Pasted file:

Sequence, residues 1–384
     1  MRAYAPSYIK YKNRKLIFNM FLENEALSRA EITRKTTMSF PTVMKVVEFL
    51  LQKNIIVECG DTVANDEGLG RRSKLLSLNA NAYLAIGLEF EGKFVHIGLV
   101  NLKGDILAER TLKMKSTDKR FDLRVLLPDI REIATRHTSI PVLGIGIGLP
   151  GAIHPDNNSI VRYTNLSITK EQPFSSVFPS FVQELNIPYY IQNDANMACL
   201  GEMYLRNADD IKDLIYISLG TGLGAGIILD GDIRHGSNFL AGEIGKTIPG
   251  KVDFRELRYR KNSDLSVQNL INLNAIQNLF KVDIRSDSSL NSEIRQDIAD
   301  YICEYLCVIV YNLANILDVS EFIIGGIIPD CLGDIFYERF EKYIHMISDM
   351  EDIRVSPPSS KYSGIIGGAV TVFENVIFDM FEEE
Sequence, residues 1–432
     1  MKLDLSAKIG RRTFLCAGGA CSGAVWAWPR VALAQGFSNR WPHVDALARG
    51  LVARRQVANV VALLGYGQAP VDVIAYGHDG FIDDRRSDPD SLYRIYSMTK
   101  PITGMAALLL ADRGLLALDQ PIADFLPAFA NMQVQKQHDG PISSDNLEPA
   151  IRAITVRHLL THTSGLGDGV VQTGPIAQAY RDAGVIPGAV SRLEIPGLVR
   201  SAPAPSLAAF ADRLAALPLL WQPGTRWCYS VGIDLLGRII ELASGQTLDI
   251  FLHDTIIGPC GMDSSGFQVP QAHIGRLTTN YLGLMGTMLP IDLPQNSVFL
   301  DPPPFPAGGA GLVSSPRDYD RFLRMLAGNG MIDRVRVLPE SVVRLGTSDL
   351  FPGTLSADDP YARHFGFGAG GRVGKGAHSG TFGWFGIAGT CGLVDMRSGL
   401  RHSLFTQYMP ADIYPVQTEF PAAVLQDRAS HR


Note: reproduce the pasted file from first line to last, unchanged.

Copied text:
Sequence, residues 1–384
     1  MRAYAPSYIK YKNRKLIFNM FLENEALSRA EITRKTTMSF PTVMKVVEFL
    51  LQKNIIVECG DTVANDEGLG RRSKLLSLNA NAYLAIGLEF EGKFVHIGLV
   101  NLKGDILAER TLKMKSTDKR FDLRVLLPDI REIATRHTSI PVLGIGIGLP
   151  GAIHPDNNSI VRYTNLSITK EQPFSSVFPS FVQELNIPYY IQNDANMACL
   201  GEMYLRNADD IKDLIYISLG TGLGAGIILD GDIRHGSNFL AGEIGKTIPG
   251  KVDFRELRYR KNSDLSVQNL INLNAIQNLF KVDIRSDSSL NSEIRQDIAD
   301  YICEYLCVIV YNLANILDVS EFIIGGIIPD CLGDIFYERF EKYIHMISDM
   351  EDIRVSPPSS KYSGIIGGAV TVFENVIFDM FEEE
Sequence, residues 1–432
     1  MKLDLSAKIG RRTFLCAGGA CSGAVWAWPR VALAQGFSNR WPHVDALARG
    51  LVARRQVANV VALLGYGQAP VDVIAYGHDG FIDDRRSDPD SLYRIYSMTK
   101  PITGMAALLL ADRGLLALDQ PIADFLPAFA NMQVQKQHDG PISSDNLEPA
   151  IRAITVRHLL THTSGLGDGV VQTGPIAQAY RDAGVIPGAV SRLEIPGLVR
   201  SAPAPSLAAF ADRLAALPLL WQPGTRWCYS VGIDLLGRII ELASGQTLDI
   251  FLHDTIIGPC GMDSSGFQVP QAHIGRLTTN YLGLMGTMLP IDLPQNSVFL
   301  DPPPFPAGGA GLVSSPRDYD RFLRMLAGNG MIDRVRVLPE SVVRLGTSDL
   351  FPGTLSADDP YARHFGFGAG GRVGKGAHSG TFGWFGIAGT CGLVDMRSGL
   401  RHSLFTQYMP ADIYPVQTEF PAAVLQDRAS HR